A strategist for City Attorney Carmen Trutanich launched a broadside against Chief Deputy District Attorney Jackie Lacey on Thursday night, accusing her of making a "swiftboat attack" in the campaign for D.A.
John Shallman, Trutanich's strategist, appeared on Fox's Studio 11 L.A. He was asked about a May 11 story in the L.A. Times that questioned Trutanich's claim to have been attacked by gang members when he was a prosecutor in 1985.
"It's a swiftboat attack on Carmen Trutanich propagated by his chief opponent, the chief deputy district attorney in Los Angeles," Shallman said.
In response, Lacey's strategist said the Lacey campaign was not responsible for planting the Times story.
"It's patently false," said Parke Skelton. "We have no idea where it came from. Jackie had no idea about anything about the story until she read it in the paper."
In fact, there is strong reason to believe that prosecutor Alan Jackson, another candidate, was responsible for the story.
If Trutanich was in fact attacked by gang members in 1985, there should be some record of it in his D.A. personnel file. Several months before the Times' story broke, Jackson's campaign manager, John Thomas, twice requested the file from the D.A.'s office. Two months after that, the Times' reporter, Jack Leonard, also requested the file. Both were told that it could not be located. (Thomas declined to comment on the request.)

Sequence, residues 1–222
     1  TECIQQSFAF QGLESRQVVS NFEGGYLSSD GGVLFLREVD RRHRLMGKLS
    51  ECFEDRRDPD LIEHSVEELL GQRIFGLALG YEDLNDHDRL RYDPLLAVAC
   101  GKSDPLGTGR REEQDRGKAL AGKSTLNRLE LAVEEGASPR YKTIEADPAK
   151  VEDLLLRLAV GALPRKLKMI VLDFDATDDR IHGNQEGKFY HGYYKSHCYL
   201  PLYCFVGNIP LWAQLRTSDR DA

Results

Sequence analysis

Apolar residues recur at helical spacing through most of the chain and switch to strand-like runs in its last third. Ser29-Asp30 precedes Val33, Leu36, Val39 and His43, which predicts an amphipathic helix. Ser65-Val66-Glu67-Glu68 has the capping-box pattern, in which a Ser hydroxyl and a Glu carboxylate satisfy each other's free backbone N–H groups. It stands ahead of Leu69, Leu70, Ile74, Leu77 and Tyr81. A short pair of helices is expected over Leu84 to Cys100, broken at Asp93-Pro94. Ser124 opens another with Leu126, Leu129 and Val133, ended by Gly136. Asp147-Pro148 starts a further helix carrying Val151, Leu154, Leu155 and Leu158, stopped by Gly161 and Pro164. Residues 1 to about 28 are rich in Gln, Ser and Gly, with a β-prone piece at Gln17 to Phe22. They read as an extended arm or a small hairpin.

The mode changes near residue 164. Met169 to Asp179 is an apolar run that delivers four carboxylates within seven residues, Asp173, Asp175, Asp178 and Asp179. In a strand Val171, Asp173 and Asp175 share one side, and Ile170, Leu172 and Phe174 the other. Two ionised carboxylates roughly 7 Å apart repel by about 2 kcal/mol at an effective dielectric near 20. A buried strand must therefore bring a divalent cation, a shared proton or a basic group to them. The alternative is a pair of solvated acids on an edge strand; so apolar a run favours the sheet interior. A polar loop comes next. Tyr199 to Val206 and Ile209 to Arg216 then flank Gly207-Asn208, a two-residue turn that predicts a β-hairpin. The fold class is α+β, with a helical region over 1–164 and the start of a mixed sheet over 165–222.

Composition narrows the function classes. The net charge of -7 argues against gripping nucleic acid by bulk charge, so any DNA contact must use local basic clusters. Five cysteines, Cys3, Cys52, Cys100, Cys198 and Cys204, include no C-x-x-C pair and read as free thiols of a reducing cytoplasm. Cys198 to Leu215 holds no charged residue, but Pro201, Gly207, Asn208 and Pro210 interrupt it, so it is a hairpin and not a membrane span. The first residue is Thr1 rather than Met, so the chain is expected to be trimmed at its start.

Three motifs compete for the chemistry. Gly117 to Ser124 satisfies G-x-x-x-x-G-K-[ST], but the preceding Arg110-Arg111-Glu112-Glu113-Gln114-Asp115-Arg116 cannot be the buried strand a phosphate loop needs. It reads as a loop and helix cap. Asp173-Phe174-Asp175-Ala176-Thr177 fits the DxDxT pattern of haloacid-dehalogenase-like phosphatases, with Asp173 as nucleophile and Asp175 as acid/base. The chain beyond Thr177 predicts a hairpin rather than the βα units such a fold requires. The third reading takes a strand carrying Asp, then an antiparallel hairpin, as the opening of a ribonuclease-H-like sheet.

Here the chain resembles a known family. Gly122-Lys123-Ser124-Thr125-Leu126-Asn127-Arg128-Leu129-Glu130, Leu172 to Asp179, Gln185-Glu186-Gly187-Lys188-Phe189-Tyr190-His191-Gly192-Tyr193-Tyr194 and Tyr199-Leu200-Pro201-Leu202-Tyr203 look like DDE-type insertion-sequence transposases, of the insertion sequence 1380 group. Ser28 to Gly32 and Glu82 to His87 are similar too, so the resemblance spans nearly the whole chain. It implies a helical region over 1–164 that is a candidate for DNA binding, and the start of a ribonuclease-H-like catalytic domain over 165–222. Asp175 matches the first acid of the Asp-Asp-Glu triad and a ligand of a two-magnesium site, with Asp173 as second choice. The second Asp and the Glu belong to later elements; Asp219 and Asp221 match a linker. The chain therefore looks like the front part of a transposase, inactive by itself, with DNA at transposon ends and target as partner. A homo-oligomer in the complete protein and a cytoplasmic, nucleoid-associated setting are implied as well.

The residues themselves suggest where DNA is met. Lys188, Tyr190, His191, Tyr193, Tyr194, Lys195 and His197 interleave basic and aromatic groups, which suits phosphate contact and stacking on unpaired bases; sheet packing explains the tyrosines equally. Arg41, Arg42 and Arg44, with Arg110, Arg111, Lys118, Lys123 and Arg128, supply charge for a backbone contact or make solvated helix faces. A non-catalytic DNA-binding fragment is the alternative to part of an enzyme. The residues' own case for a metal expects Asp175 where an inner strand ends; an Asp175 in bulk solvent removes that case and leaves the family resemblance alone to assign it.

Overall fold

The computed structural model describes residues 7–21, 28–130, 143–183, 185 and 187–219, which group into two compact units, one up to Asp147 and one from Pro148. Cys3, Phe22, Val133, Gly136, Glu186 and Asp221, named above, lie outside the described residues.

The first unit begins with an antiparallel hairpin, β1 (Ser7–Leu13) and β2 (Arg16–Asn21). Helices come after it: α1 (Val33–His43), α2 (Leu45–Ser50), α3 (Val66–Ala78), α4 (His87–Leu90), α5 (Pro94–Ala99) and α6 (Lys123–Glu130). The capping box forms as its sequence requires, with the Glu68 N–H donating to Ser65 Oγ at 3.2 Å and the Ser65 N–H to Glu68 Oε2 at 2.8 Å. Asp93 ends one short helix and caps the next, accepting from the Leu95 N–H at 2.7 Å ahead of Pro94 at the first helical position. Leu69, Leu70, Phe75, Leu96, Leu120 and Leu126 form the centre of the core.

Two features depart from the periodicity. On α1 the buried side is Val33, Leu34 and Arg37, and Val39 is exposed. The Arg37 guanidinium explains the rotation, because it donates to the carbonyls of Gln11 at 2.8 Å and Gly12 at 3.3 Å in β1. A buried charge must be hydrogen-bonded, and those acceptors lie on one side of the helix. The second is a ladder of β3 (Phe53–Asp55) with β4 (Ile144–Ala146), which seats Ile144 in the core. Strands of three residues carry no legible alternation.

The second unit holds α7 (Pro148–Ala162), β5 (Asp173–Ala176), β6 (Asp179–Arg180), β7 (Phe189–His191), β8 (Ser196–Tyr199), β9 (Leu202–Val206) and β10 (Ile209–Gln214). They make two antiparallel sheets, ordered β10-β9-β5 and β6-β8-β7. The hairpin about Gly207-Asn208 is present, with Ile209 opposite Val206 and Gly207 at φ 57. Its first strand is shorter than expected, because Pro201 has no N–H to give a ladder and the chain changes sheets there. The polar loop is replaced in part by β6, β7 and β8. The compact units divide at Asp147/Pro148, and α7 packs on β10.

The Trutanich campaign is aware that Jackson's campaign manager tried to dig up Trutanich's 1980s personnel records, because that information was included in a letter the D.A.'s office sent to Trutanich on May 11. There is no indication that anyone with the Lacey campaign made a similar request.
So why not attack Jackson, who seems the much more likely culprit?
"If I were them, I would rather face Jackson (in November)," Skelton said. "This is a Democratic county."
The thinking goes like this. Lacey is a Democrat, Jackson is a Republican, and Trutanich is an independent. If Trutanich faces Jackson in the fall, he can run to the left and consolidate Democratic votes. But if Trutanich faces Lacey, she could be better positioned to win over the county's Democratic majority.
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Thomas, Jackson's campaign manager, doesn't buy it. He counters that Trutanich is attacking Lacey because he wants to raise her profile, because he wants to face her in the fall. Thomas contends that Jackson is the more formidable, tough-on-crime candidate.
Either way, the Trutanich campaign certainly seems to have made a strategic decision to focus its attacks on Lacey, and to ignore Jackson.
On Fox 11, Shallman also attacked Lacey for her conflicting testimony in a dispute with the prosecutors' union. That testimony was first reported here in December 2010, and recently detailed in the Times. Shallman continued that attack in an interview with the Weekly on Friday.
"She lied under oath... That's the most egregious problem for a candidate for district attorney," Shallman said. "We're happy to take that on. That's a dream opponent for us."